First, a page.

MPPL: The most recent Lambshead collection was The Thackery T. Lambshed Cabinet of Curiosities, is there another one coming down the line?
JV: There are rumors of a Lambshead bestiary, but nothing we can as yet confirm or deny…
MPPL: Who are three up and coming writers that you’ve recently anthologized that everyone should know?
JV: Amal El-Mohtar is a really great new writer as is new Swedish sensation Karin Tidbeck, along with Micaela Morrissette. A couple who aren’t new but really ought to be better-known are Karin Lowachee and Michael Cisco.
MPPL: Similarly, what are three online journals that everyone should know about?
JV: Collapse isn’t necessarily online-only, but I think they do important work and I’m always fascinated by what they put together. The World SF Blog is doing very cool stuff, and do publish fiction. You can’t go wrong with either the online version of Rain Taxi or the content that Conjunctions posts online. All the usual suspects I think people already know about, like Clarkesworld, Strange Horizons, and Fantasy Magazine.
MPPL: Speaking of online journals, the Weird Fiction Review is one of your new online endeavors. Why the focus on publishing nonfiction rather than fiction?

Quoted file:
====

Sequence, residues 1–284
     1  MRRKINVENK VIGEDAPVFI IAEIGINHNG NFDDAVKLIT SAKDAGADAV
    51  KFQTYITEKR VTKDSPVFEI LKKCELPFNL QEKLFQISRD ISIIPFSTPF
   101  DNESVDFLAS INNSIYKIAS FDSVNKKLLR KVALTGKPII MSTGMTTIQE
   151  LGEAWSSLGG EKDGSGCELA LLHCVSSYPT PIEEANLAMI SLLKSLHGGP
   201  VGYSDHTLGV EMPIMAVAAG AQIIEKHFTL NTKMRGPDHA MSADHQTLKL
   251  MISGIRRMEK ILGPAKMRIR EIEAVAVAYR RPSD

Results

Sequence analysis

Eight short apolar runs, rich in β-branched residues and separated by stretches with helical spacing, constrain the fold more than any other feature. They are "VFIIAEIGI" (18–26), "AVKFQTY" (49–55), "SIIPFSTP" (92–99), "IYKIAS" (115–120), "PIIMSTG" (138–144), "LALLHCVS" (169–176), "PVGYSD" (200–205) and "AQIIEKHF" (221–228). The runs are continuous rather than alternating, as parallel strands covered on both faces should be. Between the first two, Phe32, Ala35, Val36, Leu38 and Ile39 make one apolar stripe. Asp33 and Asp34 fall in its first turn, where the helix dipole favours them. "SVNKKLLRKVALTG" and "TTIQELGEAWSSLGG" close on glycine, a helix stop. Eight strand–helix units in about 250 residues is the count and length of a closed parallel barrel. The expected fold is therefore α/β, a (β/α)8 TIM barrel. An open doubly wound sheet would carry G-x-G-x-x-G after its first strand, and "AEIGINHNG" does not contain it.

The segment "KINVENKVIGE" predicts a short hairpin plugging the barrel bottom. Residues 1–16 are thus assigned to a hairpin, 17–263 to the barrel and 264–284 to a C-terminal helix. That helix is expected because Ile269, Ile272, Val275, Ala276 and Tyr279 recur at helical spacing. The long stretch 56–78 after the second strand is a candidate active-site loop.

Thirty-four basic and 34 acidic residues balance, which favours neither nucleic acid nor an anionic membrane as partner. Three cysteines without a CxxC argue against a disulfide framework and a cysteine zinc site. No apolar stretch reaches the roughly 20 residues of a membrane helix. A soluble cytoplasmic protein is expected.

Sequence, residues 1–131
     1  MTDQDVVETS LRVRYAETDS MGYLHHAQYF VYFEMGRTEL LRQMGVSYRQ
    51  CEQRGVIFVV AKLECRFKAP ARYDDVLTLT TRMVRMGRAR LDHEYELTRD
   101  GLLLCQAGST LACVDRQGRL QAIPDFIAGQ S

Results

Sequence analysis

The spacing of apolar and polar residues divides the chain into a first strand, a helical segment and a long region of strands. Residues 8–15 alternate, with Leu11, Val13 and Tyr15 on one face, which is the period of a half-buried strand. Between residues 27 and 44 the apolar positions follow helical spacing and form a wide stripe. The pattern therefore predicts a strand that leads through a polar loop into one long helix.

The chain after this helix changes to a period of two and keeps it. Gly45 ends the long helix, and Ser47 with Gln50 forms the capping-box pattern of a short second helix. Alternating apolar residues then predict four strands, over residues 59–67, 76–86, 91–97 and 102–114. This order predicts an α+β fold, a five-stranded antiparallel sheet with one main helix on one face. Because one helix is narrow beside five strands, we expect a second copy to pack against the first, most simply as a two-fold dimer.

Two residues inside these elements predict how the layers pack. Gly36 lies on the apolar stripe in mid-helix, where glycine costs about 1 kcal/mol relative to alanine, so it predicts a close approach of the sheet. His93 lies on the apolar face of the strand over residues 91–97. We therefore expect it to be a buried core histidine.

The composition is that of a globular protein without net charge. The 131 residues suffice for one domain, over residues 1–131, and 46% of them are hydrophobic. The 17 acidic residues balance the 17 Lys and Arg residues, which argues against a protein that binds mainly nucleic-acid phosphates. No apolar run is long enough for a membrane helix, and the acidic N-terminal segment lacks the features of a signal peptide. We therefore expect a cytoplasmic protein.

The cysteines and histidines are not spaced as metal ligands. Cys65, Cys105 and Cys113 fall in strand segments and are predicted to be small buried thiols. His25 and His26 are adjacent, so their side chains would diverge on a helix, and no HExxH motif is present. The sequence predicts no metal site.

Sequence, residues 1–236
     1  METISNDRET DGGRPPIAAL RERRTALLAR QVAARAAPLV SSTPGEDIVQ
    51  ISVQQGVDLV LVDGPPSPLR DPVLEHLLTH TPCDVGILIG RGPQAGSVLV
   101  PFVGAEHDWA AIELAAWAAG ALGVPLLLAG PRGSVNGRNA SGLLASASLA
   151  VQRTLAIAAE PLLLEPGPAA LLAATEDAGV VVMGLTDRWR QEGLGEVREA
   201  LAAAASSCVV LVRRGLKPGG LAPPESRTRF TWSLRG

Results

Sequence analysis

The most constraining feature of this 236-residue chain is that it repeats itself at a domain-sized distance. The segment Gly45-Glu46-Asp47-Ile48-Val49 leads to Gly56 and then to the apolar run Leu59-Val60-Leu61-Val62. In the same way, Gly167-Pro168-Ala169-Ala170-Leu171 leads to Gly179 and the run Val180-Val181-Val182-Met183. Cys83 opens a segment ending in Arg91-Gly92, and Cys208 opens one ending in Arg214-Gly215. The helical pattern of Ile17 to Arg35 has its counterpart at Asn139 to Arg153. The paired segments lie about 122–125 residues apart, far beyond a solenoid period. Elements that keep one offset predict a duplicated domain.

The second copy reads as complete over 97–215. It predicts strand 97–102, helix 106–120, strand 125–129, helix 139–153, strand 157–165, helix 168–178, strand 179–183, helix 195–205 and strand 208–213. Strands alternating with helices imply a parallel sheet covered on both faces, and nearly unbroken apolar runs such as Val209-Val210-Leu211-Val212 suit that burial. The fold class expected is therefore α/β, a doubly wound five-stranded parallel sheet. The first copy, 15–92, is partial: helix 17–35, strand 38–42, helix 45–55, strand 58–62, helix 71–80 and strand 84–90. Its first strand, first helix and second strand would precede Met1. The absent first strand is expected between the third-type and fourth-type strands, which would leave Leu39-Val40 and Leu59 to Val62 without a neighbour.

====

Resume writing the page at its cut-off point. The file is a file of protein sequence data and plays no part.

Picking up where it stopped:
JV: WFR is a joint enterprise from my wife Ann and me that aims to be an online repository of all things related to weird fiction, headlined to begin with by our massive 750,000-word, 100-year, 1,200-page overview of weird fiction, The Weird (Atlantic). We actually do run fiction, although at a somewhat slower pace than the nonfiction. We’ve published interviews with the likes of Thomas Ligotti, Neil Gaiman, Kelly Link, and Tanith Lee, features on Jean Ray, Leonora Carrington, and critical pieces by China Miéville, among others. Fiction has included Caitlin R. Kiernan, Jean Ray, Kathe Koja, Jerome Bixby, Steve Rasnic Tem, and much more. We’ve published several pieces of fiction in translation, as well, by Leena Krohn, Jean Ferry, and Michal Ajvaz.